My biggest French open memories.

With the French Open qualies getting underway this week I started reminiscing about my favourite moments from the glory days. Some may say it is biased but I have shared my ‘biasedness’ around.

There was life pre-Rafa domination on the red stuff. You just gotta be old enough to remember it!


Nadal’s fantastic achievements didn’t make the cut, they have all been superb and should not be undervalued, however. Dominance! A couple of Serena’s and Guga’s don’t get a mention either. Michael Chang in 1989 is unlucky not to make the list but I remember this more through news channels back then and videos in recent years. Albert Costa in 2002 was memorable for me as I backed him at 80/1. Myskina winning in 2004 was intriguing too.


(3) Kuerten winning in 1997 was incredible. It was a whirlwind journey. Having lost to Richie Fromberg in Hamburg, he decided to go back to Brazil and play in a Challenger in Curitiba. Just to gain some confidence. Guga won this and headed to the French Open as an unknown ranked 66. In the third round, I remember seeing him for the first time. The distinctive outfit by Diadora, the flashy hairdo, smile and that ripping backhand. He was skinny, like myself. There wasn’t much meat on Guga.

Five sets victories over former champions, Thomas Muster and Yevgeny Kafelnikov were either side of another five-set win over Andrei Medvedev. Compelling. Box office stuff from the lad!

He had won the hearts of the spectators and the general public. A four-set win over qualifier Fillip Dewulf in the semis was followed by a comprehensive pasting of another former champion, Sergei Bruguera in the final. This was how legends are made.

(2) Tim making the semis in 2004 was breakthrough stuff. I was like a pig in sh*t at this time. Dreamland. I was made up, this was a great effort.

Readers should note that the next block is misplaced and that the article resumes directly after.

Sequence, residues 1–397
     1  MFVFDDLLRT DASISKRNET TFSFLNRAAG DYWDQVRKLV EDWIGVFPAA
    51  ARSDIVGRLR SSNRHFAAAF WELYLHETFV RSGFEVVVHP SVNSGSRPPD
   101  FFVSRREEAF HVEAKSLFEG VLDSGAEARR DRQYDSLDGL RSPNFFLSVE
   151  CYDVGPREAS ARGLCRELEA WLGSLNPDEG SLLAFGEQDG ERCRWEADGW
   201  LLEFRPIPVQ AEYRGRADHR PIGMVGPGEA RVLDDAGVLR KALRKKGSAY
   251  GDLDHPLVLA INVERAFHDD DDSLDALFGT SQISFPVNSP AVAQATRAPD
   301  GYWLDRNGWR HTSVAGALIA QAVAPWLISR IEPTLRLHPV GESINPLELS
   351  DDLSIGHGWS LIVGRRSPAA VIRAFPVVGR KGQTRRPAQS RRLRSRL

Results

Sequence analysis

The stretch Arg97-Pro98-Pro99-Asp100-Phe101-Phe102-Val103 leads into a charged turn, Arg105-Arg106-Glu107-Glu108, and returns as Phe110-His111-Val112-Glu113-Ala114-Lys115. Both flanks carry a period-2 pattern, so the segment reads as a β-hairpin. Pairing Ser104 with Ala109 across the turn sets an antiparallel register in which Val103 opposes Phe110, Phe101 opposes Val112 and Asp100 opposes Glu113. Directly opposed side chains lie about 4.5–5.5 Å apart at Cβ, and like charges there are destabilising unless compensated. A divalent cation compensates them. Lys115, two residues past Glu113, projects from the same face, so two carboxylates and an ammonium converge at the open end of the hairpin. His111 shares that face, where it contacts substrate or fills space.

The third round was his best showing going into the event that year. Watching masters series events, especially in Monte Carlo had shown Henman could get results on clay. However, losses to Schuettler (QF), Zabaleta (Last 16) and Andrei Pavel (Last 32) in the three lead-up masters series, didn’t give us any insight as to what was in store. Yes, he made the most of the draw opening up in Paris but you can only beat what is put in front of you.


It was Tim’s all-court game and attack-minded net play that the locals embraced. It was exciting to watch and not the norm on the dirt courts.
He came from two sets down in the opening round against Cyril Saulnier and then again, against Michael Llodra in the last 16 (so the French got to see his style first hand as he took out two homegrown talents). Lars Burgsmuller and Galo Blanco were put to the sword in between.

Chela was left in knots after the all-out quarter-final demolition. Henman serving up a lesson.

There were chances against Coria in the last four, he led by a set and a break. The Brit was playing superb stuff. He fought back in the fourth again but was ultimately denied.

Bizarrely, I’m sure Henman would have beaten Gaudio in the final. Coria was the number one player on the surface at the time and you could not have foreseen what would happen in the final. This was a great effort from Tim despite losing. Fine margins.

(1) Serena had not won in Paris since 2002, the year was now 2013. This was for number 16 on the road to history but it was the fact the wait in Paris had been long.

The form coming into it was promising. Titles on clay in all three events entered in Charleston, Madrid and Rome.


Tatishvili 6/0 6/1, Caroline Garcia 6/1 6/2, Sorana Cirstea 6/0 6/2 and Roberta Vinci 6/1 6/3 were all comfortably beaten.

Then that match that can win you a slam. Trailing in the third to Svetlana Kuznetsova, Serena had to dig deep and up her game. She did. Champion. Kuzzy was a former champ herself and a big danger. Her talent was once again there for all to see but Serena had her measure.

Wins over Errani 6/0 6/1 in the semi and 6/4 6/4 over Sharapova in the final confirmed her domination.

Winning on clay showed her superiority across all surfaces. The movement was superb and the firepower was obviously immense. Unplayable!

It also helped with the disappointment of losing in the quarter-finals in Melbourne to Sloane Stephens. SW was defo back up and running. Number 17 was confirmed in NYC when defeating Vika Azarenka in the final.

Andy Del Potro



Leave a Reply

Fill in your details below or click an icon to log in: Logo

You are commenting using your account. Log Out /  Change )

Facebook photo

You are commenting using your Facebook account. Log Out /  Change )

Connecting to %s